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Research Papers

Fast Organic Conditioning of Patterned Surfaces for Capillary Part-to-Substrate Self-Assembly

[+] Author and Article Information
M. Mastrangeli1

 IMEC, Kapeldreef 75, B-3001 Leuven, Belgium; Department of Metallurgy and Materials Engineering, Katholieke Universiteit Leuven, Kasteelpark Arenberg 44, B-3001 Leuven, Belgiummastrangelim@gmail.com

K. Jans, T. Steylaerts

 IMEC, Kapeldreef 75, B-3001 Leuven, Belgium

C. Van Hoof

 IMEC, Kapeldreef 75, B-3001 Leuven, Belgium; Department of ESAT, Katholieke Universiteit Leuven, Kasteelpark Arenberg 11, B-3001 Leuven, Belgium

J.-P. Celis

Department of Metallurgy and Materials Engineering, Katholieke Universiteit Leuven, Kasteelpark Arenberg 44, B-3001 Leuven, Belgium

1

Present address: Distributed Intelligent Systems and Algorithms Laboratory (DISAL) of Ecole Polytechnique Fédérale de Lausanne (EPFL) Lausanne, Switzerland.

J. Electron. Packag 132(4), 041008 (Nov 24, 2010) (5 pages) doi:10.1115/1.4002725 History: Received March 29, 2010; Revised July 30, 2010; Published November 24, 2010; Online November 24, 2010

Selective chemical preconditioning of geometrically patterned substrates and parts is necessary to enable capillary part-to-substrate self-assembly. On the other hand, long preparation procedures may preclude the throughput enhancement potentially brought by the technique. In this paper, we investigate the fast chemical preconditioning of patterned substrates by the chemisorption of thiolates from the liquid phase. We found that even under conservative conditions, deposition times as short as 15 s (i.e., about two orders of magnitude shorter than previously reported in specific literature) are sufficient for the intended purpose, which is changing the wetting character of metallic binding sites enough to allow their selective dip-coating with hydrophobic fluid lenses. Moreover, perfect fluid coating conformality is achieved when such short deposition times are combined with the use of recessed binding sites. Our findings further confirm organic species to be remarkable tools for the chemical preconditioning of patterned surfaces as they may help actualize the full benefits of capillary self-assembly for electronic packaging.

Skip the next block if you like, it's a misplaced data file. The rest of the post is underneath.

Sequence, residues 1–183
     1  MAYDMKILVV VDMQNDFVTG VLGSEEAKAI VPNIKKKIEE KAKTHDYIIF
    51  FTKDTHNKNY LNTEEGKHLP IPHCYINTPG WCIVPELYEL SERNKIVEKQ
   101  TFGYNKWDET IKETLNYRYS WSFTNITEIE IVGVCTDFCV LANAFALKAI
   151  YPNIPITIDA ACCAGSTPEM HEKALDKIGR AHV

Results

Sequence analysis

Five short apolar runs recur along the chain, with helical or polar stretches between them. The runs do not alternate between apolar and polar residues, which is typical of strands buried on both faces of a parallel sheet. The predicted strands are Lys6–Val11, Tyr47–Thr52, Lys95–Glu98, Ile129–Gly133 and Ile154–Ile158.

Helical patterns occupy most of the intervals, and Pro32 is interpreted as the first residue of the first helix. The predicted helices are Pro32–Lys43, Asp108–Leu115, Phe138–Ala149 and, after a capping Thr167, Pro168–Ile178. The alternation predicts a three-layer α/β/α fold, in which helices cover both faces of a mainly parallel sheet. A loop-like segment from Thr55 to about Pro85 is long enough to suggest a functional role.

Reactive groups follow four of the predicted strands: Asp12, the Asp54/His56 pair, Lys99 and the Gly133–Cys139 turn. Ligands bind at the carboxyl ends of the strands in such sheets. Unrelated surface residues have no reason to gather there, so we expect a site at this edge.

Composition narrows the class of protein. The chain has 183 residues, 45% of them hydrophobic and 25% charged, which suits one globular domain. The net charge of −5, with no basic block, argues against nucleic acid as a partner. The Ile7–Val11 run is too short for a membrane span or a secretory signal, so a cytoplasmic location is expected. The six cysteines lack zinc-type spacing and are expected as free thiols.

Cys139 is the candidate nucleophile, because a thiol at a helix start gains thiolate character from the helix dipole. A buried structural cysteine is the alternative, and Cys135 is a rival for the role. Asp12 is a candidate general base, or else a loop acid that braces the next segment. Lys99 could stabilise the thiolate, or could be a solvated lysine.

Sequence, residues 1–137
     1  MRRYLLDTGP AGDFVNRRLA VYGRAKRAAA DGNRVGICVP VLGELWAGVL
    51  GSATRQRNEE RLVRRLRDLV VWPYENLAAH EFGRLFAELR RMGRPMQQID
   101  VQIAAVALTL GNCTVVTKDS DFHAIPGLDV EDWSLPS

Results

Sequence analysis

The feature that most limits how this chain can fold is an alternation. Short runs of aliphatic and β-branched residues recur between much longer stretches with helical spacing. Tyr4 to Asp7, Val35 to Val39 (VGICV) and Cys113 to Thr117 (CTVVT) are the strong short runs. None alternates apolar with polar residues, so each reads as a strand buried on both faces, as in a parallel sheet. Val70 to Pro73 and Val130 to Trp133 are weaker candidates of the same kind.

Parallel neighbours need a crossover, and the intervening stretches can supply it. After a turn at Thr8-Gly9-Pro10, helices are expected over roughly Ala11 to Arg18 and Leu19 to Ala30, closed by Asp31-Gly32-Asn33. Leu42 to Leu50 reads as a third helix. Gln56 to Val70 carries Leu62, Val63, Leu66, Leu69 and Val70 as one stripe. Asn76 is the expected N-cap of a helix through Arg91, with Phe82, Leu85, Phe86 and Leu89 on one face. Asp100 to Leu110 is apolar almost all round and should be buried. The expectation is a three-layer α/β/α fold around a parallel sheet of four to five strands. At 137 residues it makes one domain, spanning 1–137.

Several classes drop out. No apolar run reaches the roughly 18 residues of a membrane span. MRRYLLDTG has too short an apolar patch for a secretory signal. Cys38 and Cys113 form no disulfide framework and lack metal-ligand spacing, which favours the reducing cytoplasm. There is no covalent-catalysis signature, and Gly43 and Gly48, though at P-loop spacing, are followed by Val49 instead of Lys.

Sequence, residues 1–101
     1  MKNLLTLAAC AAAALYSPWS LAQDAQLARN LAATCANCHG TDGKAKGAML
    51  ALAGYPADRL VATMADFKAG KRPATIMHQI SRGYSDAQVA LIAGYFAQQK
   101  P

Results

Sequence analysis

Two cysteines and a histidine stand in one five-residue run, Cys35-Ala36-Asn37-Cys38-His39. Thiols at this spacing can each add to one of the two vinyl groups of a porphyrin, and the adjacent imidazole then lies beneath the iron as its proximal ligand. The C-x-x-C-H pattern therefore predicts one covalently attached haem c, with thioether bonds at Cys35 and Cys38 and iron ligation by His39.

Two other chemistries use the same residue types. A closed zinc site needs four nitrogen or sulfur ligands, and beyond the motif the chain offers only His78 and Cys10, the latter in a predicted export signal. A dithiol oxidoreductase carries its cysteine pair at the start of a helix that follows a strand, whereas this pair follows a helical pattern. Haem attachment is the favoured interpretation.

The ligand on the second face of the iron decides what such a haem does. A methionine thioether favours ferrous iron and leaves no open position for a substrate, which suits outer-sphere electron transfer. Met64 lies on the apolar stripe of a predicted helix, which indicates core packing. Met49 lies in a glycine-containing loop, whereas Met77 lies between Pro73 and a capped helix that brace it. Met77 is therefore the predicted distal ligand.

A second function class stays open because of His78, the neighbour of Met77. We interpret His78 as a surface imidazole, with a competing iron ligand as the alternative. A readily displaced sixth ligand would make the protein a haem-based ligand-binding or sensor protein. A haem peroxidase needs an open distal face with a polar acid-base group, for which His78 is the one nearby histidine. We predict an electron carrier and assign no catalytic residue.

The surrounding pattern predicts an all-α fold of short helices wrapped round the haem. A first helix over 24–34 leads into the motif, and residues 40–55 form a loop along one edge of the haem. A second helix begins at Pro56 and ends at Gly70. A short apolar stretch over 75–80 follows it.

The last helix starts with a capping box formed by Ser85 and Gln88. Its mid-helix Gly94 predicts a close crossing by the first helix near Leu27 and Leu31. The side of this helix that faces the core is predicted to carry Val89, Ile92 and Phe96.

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Copyright © 2010 by American Society of Mechanical Engineers
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Figures

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Figure 1

Water CAs measured on DDT-functionalized Au test surfaces as function of DDT deposition time (24 h, 4 h, 2 h, 1 h, 30 min, 15 min, 5 min, 1 min, 45 s, 30 s, and 15 s). Average values and standard deviations of CAs out of at least ten measurements are shown for each deposition time.

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Figure 2

Dip-coating of hexadecane lenses on (a) superficial and (b) recessed (2) Au binding sites functionalized with 15 s-deposited DDT and patterned over silicon dioxide surfaces. Perfect coating conformality and excellent repeatability were always achieved in combination with recessed sites. Pictures were taken with substrates submerged in water after dip-coating. Colors and depth were enhanced by differential interference contrast (DIC) optical microscopy. Circular spots are the hexadecane bubbles floating on the surface of water (i.e., not pinned to the substrate) during pictures acquisition.

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Figure 3

Dip-coating of hexadecane on top of (a) uncleaned and (b) fully cleaned Au sites, both without any DDT functionalization. The dark spots in (a) are hexadecane lenses pinned to uncontrolled hydrophobic regions of the sites after dip-coating; they may also result from capillary break-up of former, larger hexadecane lenses (28). No hexadecane deposition was detected on cleaned substrates, as visible in (b). Pictures were taken with substrates submerged in water after dip-coating. Colors and depth were enhanced by DIC optical microscopy. Light circular spots are the hexadecane bubbles floating on the surface of water (i.e., not pinned to the substrate) during pictures acquisition.

Grahic Jump Location
Figure 4

Current-versus-potential curves after CV measurements on dodecanethiol-treated Au surfaces used as working electrodes. The electrical activity recorded for Au surfaces treated with a 1 min long DDT deposition is intermediate between the one corresponding to a blank and a full SAM-covered Au surface, as expected.

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Figure 5

FTIR spectra measured on dodecanethiol-treated Au samples. The shift in the absorption maxima located around 2920 cm−1 between 24 h and 1 min deposited organic layers is highlighted in the inset.

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